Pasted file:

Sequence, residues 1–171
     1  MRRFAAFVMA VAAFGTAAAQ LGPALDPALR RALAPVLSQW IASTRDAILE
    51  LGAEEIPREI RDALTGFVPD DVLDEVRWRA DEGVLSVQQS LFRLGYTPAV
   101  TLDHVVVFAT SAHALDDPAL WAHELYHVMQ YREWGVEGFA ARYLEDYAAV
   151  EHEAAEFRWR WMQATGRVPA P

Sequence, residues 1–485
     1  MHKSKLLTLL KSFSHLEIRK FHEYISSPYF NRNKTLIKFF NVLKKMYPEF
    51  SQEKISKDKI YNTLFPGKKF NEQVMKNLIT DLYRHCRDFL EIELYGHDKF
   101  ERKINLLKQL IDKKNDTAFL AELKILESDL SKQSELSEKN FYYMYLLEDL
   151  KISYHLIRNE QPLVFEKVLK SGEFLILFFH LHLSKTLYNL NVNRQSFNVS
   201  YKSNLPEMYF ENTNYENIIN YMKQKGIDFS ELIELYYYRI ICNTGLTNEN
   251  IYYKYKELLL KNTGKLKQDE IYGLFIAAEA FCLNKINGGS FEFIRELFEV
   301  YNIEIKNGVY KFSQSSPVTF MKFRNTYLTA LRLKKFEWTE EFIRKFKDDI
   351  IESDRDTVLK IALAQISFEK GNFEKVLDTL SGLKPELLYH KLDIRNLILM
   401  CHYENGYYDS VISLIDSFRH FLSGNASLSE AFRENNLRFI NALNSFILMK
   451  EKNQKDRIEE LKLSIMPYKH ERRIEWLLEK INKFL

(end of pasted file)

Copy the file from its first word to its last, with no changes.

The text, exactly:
Sequence, residues 1–171
     1  MRRFAAFVMA VAAFGTAAAQ LGPALDPALR RALAPVLSQW IASTRDAILE
    51  LGAEEIPREI RDALTGFVPD DVLDEVRWRA DEGVLSVQQS LFRLGYTPAV
   101  TLDHVVVFAT SAHALDDPAL WAHELYHVMQ YREWGVEGFA ARYLEDYAAV
   151  EHEAAEFRWR WMQATGRVPA P

Sequence, residues 1–485
     1  MHKSKLLTLL KSFSHLEIRK FHEYISSPYF NRNKTLIKFF NVLKKMYPEF
    51  SQEKISKDKI YNTLFPGKKF NEQVMKNLIT DLYRHCRDFL EIELYGHDKF
   101  ERKINLLKQL IDKKNDTAFL AELKILESDL SKQSELSEKN FYYMYLLEDL
   151  KISYHLIRNE QPLVFEKVLK SGEFLILFFH LHLSKTLYNL NVNRQSFNVS
   201  YKSNLPEMYF ENTNYENIIN YMKQKGIDFS ELIELYYYRI ICNTGLTNEN
   251  IYYKYKELLL KNTGKLKQDE IYGLFIAAEA FCLNKINGGS FEFIRELFEV
   301  YNIEIKNGVY KFSQSSPVTF MKFRNTYLTA LRLKKFEWTE EFIRKFKDDI
   351  IESDRDTVLK IALAQISFEK GNFEKVLDTL SGLKPELLYH KLDIRNLILM
   401  CHYENGYYDS VISLIDSFRH FLSGNASLSE AFRENNLRFI NALNSFILMK
   451  EKNQKDRIEE LKLSIMPYKH ERRIEWLLEK INKFL